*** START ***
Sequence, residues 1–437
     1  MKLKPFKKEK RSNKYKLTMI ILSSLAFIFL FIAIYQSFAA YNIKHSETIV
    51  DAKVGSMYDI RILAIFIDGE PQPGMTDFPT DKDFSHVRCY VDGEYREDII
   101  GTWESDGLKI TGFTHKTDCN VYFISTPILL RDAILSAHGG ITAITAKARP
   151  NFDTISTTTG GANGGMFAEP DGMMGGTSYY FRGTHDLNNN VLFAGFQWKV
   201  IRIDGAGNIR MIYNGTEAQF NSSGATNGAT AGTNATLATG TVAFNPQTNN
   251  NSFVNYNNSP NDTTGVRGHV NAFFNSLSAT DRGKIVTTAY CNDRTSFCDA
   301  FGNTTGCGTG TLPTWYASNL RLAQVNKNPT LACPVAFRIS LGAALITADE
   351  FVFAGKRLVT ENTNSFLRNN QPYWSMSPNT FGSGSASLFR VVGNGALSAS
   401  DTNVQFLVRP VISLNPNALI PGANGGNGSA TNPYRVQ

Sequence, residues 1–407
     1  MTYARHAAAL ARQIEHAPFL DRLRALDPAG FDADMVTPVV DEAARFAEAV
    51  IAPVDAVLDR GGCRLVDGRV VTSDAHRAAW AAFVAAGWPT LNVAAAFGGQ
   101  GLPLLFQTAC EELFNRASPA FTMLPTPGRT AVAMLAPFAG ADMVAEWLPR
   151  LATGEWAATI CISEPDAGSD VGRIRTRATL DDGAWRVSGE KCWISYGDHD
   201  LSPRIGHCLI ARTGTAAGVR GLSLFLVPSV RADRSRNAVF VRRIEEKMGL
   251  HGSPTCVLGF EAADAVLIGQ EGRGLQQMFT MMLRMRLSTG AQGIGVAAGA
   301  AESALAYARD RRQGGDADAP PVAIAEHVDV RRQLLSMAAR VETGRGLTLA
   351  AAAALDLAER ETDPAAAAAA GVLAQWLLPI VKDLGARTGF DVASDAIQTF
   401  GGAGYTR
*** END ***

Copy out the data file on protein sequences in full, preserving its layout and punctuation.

Sequence, residues 1–437
     1  MKLKPFKKEK RSNKYKLTMI ILSSLAFIFL FIAIYQSFAA YNIKHSETIV
    51  DAKVGSMYDI RILAIFIDGE PQPGMTDFPT DKDFSHVRCY VDGEYREDII
   101  GTWESDGLKI TGFTHKTDCN VYFISTPILL RDAILSAHGG ITAITAKARP
   151  NFDTISTTTG GANGGMFAEP DGMMGGTSYY FRGTHDLNNN VLFAGFQWKV
   201  IRIDGAGNIR MIYNGTEAQF NSSGATNGAT AGTNATLATG TVAFNPQTNN
   251  NSFVNYNNSP NDTTGVRGHV NAFFNSLSAT DRGKIVTTAY CNDRTSFCDA
   301  FGNTTGCGTG TLPTWYASNL RLAQVNKNPT LACPVAFRIS LGAALITADE
   351  FVFAGKRLVT ENTNSFLRNN QPYWSMSPNT FGSGSASLFR VVGNGALSAS
   401  DTNVQFLVRP VISLNPNALI PGANGGNGSA TNPYRVQ

Sequence, residues 1–407
     1  MTYARHAAAL ARQIEHAPFL DRLRALDPAG FDADMVTPVV DEAARFAEAV
    51  IAPVDAVLDR GGCRLVDGRV VTSDAHRAAW AAFVAAGWPT LNVAAAFGGQ
   101  GLPLLFQTAC EELFNRASPA FTMLPTPGRT AVAMLAPFAG ADMVAEWLPR
   151  LATGEWAATI CISEPDAGSD VGRIRTRATL DDGAWRVSGE KCWISYGDHD
   201  LSPRIGHCLI ARTGTAAGVR GLSLFLVPSV RADRSRNAVF VRRIEEKMGL
   251  HGSPTCVLGF EAADAVLIGQ EGRGLQQMFT MMLRMRLSTG AQGIGVAAGA
   301  AESALAYARD RRQGGDADAP PVAIAEHVDV RRQLLSMAAR VETGRGLTLA
   351  AAAALDLAER ETDPAAAAAA GVLAQWLLPI VKDLGARTGF DVASDAIQTF
   401  GGAGYTR